Whichever way you look at it, bingo is huge business in the UK. From brick and mortar bingo halls throughout the UK to online bingo sites, millions of players play a vast range of games on a daily, weekly and monthly basis. As players demographics have swelled and diversified, we have also seen more brands emerge and a higher amount of money spent on advertising. Internet bingo sites have been particularly aggressive in this regard, creating a series of funny, insightful and genuinely entertaining adverts for the modern age!
3 of the best Bingo Adverts of Modern times
So, while it may have taken us a long time to create a viable short-list, here are three of our favourite bingo advertisements:
The Think Bingo Advertising Campaign
Released with the tagline ‘Think Bingo, for girls who know how to have fun’, this advertising campaign is single-minded and extremely simple in its execution. The fact that it has a clear focus and does not rely on gimmicks is undoubtedly a positive thing, although the site of a grown woman furiously eating cucumbers from a face mask certainly adds a sense of humour. It was also a successful campaign, although it did draw some criticism for not recognising the diversification in player demographics and the rising prevalence of male participants.
The Foxy Bingo Advertising Campaign
Foxy Bingo has always ran character-driven advertising campaigns, with the renowned mascot taking centre stage as establishing the brand as one of the most well-known in the industry. The fact that the character has aged over time is even more impressive, as the immature, fun loving canid has been replaced with a debonair alternative. Combining a memorable strut with a playful soundtrack and upbeat tempo, this campaign achieved what Tombola Bingo attempted with its infamous, banned cartoon mascot (this brand’s commercial was ultimately banned by the Advertising Standards Authority (ASA) as the character was considered to appeal to a young, teenage demographic).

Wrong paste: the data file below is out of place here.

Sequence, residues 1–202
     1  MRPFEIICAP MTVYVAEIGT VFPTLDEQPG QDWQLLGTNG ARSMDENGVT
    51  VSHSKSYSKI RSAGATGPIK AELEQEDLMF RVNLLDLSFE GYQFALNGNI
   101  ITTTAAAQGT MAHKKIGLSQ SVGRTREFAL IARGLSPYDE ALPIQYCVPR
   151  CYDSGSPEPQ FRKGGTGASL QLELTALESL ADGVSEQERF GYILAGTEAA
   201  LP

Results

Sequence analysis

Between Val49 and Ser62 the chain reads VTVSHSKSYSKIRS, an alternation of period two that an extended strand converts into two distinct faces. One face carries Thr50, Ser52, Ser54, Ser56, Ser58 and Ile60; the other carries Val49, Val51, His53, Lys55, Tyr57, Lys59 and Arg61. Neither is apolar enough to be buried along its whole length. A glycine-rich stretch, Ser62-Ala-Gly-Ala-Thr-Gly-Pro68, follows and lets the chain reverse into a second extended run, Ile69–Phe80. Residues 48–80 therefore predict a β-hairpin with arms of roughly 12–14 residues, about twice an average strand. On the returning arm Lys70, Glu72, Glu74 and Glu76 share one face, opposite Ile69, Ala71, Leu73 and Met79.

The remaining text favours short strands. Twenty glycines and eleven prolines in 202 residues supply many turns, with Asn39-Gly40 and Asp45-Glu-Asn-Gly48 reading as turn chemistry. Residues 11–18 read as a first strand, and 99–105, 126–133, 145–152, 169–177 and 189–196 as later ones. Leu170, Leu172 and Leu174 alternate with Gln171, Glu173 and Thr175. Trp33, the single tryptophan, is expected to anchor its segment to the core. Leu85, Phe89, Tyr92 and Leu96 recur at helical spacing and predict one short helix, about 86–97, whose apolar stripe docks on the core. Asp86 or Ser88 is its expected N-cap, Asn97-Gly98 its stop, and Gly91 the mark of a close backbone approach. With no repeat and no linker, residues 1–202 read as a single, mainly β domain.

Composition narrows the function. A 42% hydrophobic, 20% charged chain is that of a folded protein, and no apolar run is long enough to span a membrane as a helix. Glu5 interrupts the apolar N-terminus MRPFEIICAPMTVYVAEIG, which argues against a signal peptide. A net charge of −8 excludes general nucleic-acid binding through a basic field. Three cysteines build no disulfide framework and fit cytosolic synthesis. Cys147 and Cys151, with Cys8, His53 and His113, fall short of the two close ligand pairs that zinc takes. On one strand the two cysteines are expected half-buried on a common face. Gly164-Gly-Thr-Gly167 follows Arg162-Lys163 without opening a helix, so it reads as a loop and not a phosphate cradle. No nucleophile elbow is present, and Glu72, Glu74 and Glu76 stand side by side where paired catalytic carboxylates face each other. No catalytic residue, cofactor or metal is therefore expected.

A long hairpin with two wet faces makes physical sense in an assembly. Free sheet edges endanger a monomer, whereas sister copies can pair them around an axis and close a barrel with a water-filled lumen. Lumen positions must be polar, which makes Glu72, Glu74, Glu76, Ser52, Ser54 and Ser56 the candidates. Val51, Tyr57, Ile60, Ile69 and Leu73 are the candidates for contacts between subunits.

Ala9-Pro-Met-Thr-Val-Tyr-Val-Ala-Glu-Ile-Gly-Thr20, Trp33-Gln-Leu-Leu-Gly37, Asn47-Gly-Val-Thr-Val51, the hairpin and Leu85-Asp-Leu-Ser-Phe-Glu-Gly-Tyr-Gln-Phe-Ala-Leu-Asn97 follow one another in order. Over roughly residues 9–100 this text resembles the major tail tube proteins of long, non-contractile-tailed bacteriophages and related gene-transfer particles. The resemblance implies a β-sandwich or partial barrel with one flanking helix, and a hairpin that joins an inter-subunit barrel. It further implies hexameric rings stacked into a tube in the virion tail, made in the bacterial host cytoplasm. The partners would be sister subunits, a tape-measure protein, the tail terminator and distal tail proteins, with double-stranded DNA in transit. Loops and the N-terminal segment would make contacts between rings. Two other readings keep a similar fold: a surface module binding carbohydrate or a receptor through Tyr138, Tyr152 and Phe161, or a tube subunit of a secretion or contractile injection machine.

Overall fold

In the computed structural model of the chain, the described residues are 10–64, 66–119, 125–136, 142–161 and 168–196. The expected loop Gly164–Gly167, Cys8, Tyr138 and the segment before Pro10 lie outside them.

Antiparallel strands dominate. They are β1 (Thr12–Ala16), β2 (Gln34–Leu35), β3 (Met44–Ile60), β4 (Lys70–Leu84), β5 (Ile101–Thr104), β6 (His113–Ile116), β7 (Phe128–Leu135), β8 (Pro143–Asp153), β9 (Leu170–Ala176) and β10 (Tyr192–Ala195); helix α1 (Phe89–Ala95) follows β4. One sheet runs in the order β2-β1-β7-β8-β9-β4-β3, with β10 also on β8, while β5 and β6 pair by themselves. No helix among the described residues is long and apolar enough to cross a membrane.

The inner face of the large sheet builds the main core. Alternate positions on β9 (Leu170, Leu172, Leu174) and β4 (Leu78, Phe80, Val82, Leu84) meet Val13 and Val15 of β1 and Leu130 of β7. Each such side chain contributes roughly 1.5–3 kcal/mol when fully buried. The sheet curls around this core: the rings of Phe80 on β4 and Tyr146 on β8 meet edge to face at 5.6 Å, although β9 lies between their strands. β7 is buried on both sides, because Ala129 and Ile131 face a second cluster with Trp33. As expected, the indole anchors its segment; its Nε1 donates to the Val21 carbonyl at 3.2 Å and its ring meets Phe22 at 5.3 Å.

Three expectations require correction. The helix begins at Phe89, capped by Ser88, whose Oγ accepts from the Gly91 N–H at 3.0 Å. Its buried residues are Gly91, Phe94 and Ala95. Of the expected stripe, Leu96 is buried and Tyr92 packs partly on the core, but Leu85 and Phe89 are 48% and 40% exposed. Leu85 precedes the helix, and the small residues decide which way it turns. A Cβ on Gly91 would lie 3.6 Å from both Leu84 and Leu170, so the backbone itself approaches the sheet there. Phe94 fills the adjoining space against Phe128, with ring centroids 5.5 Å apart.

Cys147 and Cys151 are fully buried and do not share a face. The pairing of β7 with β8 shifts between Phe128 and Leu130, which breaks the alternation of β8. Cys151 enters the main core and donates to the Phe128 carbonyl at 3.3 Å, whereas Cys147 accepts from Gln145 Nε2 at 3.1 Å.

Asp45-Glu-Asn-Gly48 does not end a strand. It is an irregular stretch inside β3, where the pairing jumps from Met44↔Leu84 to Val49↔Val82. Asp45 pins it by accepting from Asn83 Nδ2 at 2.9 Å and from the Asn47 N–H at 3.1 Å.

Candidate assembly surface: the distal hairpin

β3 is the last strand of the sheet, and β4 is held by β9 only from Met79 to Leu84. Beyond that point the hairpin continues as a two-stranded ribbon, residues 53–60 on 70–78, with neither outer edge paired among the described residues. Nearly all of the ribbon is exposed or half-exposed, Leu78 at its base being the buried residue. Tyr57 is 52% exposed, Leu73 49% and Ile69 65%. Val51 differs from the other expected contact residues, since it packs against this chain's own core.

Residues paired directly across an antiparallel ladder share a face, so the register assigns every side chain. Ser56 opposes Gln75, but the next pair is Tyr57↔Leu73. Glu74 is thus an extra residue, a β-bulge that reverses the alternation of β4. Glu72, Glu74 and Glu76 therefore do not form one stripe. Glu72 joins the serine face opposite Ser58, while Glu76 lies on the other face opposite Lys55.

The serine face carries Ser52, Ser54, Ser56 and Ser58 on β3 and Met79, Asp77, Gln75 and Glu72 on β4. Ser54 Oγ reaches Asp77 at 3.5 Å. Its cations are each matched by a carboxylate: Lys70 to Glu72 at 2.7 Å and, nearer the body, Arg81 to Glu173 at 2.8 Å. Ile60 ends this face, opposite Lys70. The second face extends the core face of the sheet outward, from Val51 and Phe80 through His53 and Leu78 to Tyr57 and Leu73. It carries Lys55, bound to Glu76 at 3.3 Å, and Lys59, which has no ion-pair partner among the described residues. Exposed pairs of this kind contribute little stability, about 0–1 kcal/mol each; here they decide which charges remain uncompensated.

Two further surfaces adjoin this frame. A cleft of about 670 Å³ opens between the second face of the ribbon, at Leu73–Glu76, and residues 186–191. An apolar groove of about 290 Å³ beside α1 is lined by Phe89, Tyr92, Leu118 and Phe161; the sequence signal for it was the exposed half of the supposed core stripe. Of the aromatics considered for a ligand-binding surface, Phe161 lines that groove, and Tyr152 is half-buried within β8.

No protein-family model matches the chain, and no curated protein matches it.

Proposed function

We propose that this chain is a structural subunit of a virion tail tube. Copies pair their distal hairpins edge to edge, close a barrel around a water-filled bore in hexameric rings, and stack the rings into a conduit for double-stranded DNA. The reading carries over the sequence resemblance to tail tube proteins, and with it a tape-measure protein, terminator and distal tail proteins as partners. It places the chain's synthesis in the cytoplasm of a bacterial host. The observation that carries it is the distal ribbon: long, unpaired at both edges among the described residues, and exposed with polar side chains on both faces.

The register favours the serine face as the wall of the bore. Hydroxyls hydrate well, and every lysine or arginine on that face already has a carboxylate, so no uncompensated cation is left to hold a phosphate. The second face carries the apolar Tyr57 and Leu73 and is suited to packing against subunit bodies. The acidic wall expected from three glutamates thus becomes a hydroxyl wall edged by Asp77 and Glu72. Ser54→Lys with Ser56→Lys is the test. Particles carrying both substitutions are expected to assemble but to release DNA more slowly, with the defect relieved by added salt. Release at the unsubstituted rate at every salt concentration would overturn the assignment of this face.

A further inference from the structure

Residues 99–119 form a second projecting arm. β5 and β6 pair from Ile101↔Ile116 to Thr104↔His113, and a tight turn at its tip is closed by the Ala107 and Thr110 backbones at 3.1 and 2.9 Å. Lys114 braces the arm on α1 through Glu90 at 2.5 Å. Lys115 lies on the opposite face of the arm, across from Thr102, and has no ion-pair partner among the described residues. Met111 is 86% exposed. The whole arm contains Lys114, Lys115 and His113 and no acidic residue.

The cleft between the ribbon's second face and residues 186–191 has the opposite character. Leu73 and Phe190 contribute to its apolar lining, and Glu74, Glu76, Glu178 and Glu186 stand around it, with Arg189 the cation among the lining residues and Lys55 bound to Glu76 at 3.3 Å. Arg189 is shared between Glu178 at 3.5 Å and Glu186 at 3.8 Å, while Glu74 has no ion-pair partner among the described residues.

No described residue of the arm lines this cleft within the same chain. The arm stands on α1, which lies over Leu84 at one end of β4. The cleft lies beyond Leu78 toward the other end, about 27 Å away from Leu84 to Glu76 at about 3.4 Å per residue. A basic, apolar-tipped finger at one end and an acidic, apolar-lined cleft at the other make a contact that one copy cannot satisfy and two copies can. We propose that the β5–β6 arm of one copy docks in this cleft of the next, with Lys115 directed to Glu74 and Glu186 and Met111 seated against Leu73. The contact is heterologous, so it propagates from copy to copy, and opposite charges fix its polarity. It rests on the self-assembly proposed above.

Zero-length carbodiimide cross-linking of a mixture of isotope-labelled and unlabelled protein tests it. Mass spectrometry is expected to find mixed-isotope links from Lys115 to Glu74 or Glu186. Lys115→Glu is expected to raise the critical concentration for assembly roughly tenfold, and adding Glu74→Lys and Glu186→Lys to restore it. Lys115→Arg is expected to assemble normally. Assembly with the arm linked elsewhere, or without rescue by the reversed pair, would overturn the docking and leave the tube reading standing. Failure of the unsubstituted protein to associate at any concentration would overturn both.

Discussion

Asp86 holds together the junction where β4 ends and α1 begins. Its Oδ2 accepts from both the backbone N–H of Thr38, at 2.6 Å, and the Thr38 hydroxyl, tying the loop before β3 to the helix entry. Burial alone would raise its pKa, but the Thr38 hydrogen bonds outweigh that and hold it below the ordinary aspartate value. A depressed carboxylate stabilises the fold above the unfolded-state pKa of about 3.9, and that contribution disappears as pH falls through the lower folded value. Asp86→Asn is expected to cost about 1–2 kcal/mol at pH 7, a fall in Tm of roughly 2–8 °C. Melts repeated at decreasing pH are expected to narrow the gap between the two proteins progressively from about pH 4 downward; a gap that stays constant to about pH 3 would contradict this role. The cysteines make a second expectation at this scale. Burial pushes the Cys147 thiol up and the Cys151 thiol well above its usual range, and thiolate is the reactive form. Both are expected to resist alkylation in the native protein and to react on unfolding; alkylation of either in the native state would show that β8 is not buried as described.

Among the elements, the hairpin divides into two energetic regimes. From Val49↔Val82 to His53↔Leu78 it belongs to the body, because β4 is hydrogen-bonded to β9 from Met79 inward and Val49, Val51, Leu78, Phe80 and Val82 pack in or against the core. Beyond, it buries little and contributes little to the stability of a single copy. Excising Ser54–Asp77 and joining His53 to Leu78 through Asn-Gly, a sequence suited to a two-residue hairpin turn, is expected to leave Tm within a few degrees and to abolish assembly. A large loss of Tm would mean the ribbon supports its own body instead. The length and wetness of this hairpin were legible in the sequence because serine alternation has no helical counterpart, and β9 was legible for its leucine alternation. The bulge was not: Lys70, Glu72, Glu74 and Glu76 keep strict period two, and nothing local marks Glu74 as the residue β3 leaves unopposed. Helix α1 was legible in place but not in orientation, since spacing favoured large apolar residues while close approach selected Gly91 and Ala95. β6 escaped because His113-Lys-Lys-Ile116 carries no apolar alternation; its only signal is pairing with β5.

The RedBus Bingo Advertising Campaign
In advertising terms, ‘go big or go home’ is the maxim that some brands adhere to. It appears to many as more of a children’s television program than an advert, as a high quality animation dominates the screen and captures the attention of viewers. The campaign from RedBus Bingo features a stylish red bus (obviously) and outstanding illustrations, it has also managed to avoid censorship despite its obvious appeal to children. Although it may be argued that the campaign is far from targeted and perhaps a little too vague in relation to Internet bingo, there is at least little chance of a child changing the channel while the parents are watching. Perhaps this is the point, and the advert is worthy of a mention simply due to the technical skill behind it.